"If You Need Help, Here is What I Can Offer" by John Gower

If you need help here is what I can offer. He thought he remembered her faintly saying just before reaching out to hold his hand as they walked; just before, her songs took over his head. But he didn’t mind that they took over his head, she offered a jaunty tune and he liked the way it made the clouds come alive as they walked.

He had been telling her about another woman, a woman he couldn’t get out of his head, a woman whose songs were once lively and funny and smart but years later had turned harsh and scolding. Though she had left him some time ago her demeaning melodies stayed with him. He felt cello like sounds much of the time when he was alone. He missed the songs he had heard when they met. He listened for them when he went out. He wanted them back.    

It didn’t bother him that this new woman knew just what to do. He had hoped she might. She looked like she might. They held hands as they walked and between the squeezing of her hand and the flickering light through the trees her jaunty tune was slowly embedding in his step. It soothed him. He forgot himself. Colors began to shout out and clouds began to whistle.

They came to a secluded clearing. The grass was dry and warm and soft. As they lay side by side kissing she took off her clothes, but wouldn’t, let him take off his. They kissed, one breath, together, over and over again until they were dizzy. The sun had never felt so good. Could it be that the birds were tweeting just for them?

The next morning her song was still with him. When he looked at his face to shave he saw her eyes in his. When he walked she was in his step. Her hips were everywhere he turned. There was no where more important to go that morning, but, to her.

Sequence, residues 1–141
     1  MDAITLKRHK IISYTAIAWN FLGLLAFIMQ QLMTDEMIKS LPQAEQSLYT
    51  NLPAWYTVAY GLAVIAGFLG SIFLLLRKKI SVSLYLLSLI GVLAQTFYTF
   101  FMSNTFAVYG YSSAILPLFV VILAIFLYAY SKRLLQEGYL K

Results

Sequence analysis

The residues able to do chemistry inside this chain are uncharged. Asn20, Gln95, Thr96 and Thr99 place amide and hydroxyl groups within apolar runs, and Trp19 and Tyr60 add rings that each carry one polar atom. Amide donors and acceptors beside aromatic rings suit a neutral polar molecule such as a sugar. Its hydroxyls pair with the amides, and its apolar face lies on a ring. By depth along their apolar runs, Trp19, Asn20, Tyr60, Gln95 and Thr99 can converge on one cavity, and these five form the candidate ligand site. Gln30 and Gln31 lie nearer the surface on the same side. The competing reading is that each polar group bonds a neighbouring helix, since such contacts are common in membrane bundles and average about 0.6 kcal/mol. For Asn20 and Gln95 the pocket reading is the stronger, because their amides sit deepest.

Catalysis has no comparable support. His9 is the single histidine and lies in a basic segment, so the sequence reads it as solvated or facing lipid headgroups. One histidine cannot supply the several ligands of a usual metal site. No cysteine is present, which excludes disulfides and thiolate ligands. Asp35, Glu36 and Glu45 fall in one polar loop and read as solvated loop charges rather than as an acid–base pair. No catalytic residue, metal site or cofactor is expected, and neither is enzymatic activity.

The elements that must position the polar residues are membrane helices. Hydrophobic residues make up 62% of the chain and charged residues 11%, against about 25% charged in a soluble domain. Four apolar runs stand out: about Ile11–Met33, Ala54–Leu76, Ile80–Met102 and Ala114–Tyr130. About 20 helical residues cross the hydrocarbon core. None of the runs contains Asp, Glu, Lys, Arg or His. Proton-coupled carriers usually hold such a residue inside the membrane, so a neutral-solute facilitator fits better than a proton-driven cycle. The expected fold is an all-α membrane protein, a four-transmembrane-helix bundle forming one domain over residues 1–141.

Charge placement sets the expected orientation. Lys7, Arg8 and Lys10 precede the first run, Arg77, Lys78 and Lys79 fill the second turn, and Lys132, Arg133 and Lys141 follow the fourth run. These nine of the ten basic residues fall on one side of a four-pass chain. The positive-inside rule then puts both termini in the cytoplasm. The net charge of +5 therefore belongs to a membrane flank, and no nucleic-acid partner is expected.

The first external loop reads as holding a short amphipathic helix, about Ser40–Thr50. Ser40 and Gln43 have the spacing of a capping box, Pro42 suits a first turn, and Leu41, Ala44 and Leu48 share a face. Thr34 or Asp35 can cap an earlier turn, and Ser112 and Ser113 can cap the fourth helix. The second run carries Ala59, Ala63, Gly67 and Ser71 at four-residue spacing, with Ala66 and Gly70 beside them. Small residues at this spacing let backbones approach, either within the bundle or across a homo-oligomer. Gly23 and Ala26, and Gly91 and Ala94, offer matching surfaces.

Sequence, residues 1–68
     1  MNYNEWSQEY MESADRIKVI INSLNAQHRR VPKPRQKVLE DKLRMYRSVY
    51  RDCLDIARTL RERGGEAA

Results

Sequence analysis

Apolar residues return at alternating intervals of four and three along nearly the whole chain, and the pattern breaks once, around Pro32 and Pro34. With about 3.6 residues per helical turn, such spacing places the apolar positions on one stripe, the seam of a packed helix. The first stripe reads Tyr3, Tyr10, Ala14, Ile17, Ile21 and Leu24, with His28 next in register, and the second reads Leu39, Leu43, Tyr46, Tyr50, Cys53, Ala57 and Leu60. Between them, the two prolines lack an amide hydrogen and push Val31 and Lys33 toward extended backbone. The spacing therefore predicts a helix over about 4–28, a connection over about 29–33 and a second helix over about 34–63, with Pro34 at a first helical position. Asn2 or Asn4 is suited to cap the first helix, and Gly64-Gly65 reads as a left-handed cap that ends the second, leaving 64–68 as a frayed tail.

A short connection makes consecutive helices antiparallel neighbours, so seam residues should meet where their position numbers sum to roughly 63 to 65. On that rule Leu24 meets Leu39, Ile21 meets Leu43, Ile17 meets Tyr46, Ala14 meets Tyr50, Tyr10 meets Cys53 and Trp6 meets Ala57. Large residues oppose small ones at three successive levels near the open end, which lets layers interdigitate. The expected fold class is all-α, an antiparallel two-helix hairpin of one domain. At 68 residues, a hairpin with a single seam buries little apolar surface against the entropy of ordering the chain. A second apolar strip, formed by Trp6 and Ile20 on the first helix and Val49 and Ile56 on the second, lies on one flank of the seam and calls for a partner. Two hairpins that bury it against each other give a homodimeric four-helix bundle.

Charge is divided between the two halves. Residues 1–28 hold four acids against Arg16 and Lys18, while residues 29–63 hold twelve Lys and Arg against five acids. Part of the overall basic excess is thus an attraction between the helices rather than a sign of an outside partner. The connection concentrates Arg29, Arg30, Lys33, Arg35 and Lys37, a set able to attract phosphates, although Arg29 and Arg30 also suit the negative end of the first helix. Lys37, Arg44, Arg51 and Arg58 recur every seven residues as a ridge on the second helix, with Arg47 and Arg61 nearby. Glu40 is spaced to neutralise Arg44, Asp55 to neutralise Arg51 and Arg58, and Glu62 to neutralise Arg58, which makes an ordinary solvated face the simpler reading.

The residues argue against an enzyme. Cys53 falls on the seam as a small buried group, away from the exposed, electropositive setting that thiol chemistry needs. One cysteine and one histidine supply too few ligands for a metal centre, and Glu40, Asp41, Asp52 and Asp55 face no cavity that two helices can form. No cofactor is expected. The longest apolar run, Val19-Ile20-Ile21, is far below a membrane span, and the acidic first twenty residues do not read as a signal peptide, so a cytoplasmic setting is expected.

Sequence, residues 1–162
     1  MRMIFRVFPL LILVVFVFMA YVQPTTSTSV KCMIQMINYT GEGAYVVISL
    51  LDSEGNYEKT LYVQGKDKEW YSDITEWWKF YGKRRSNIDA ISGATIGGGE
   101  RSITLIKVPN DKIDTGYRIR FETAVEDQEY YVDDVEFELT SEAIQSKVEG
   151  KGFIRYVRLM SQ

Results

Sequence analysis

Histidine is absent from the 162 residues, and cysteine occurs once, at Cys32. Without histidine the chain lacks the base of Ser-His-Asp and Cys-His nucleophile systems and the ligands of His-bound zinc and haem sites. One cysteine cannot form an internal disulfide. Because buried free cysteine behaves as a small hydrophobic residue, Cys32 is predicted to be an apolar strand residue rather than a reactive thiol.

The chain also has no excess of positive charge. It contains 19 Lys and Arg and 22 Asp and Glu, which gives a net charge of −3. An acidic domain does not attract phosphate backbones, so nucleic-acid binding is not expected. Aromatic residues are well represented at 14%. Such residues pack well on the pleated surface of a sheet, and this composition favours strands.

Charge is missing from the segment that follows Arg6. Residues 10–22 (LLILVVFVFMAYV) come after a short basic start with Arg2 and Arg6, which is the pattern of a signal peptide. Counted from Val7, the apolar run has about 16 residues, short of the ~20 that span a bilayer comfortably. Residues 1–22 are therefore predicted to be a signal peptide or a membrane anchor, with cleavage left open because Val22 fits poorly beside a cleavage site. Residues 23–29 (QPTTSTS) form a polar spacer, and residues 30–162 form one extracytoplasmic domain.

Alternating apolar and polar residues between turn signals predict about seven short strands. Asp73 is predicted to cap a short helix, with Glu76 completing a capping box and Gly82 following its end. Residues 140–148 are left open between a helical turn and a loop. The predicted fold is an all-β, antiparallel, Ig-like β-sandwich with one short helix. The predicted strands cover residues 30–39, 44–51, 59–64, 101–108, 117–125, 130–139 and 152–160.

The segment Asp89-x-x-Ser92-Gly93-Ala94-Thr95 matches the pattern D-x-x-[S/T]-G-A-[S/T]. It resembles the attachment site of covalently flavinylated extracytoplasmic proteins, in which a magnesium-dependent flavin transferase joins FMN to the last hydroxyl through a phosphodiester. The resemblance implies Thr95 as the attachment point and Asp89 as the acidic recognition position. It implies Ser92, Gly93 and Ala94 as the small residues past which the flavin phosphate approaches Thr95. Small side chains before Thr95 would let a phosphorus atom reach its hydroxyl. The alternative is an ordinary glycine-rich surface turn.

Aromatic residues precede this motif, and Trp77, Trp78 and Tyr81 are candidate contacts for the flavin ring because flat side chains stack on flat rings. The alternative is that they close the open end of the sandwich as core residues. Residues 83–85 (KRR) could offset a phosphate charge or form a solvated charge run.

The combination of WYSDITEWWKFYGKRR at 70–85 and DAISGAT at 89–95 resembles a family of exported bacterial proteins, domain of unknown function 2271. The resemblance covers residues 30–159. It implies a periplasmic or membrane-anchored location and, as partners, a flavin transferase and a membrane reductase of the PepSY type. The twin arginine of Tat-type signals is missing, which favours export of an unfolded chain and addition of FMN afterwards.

She was still in pajamas when he arrived at her door for breakfast. Her eye-lids were purple-pink, her iris green and brown. Her pupils were large, so large. Within minutes, they were naked in her bed. The cello was gone and the trill of a lively clarinet teased his ears.

Many days passed by. Her songs remained lively, funny and smart. She needed him, but for how long, he thought. He knew it was wrong but he wanted to be sure her songs would not change. He wanted to nail her spirit to a tree. The more he liked her songs the sadder he became. What was her plan he wondered. Would she become mean and leave him, too? The more he tried to hold things still the more her songs began to change. They became stilted with after-thought, with pause for what they might mean. He knew he was causing this but he couldn’t stop. Within a month she had stopped singing and wondered why she was with him at all.

He asked her to his house for dinner and when the conversation had become vacant and still, he brought out a hammer and nails that he wanted to show her. He was ashamed of himself and told her what he had been feeling. She looked surprised and sad and shied away from him. Though it was not a cold evening he lit a fire. Once it had peaked he asked her to place the hammer and nails in the fire. As they burned, he stood looking deep into the fire and with only the crackling of the fire to interrupt the silence, he began to sing, at first in a mumbling sort of way, as though he were speaking in tongues. He rarely sang out loud and didn’t really know how. He sang about the time they met, he sang about the heartache he once felt and the heartache he was beginning to feel again. His song brought tears to her eyes as she understood what had happened between them and why her songs had stopped. She stood close as he sang so she might make out the quiet words. When he sang of his love for her his voice became more secure and clear. She slid off her dress to the floor to inspire him as his voice became louder and louder. At her urging he stood on the chair, and then on the table, the song carried out of him without pause, without reflection; he was perfect in his frailty, perfect in his faults. He could do no wrong, he sang of what he knew to be true.

The next morning as she left for work she held him close and whispered, If you need help, here is what I can offer, and placed his hand on her bosom, kissed him on the cheek and left.

How could he possibly know which of the many songs will remain true?  


Gary MillerComment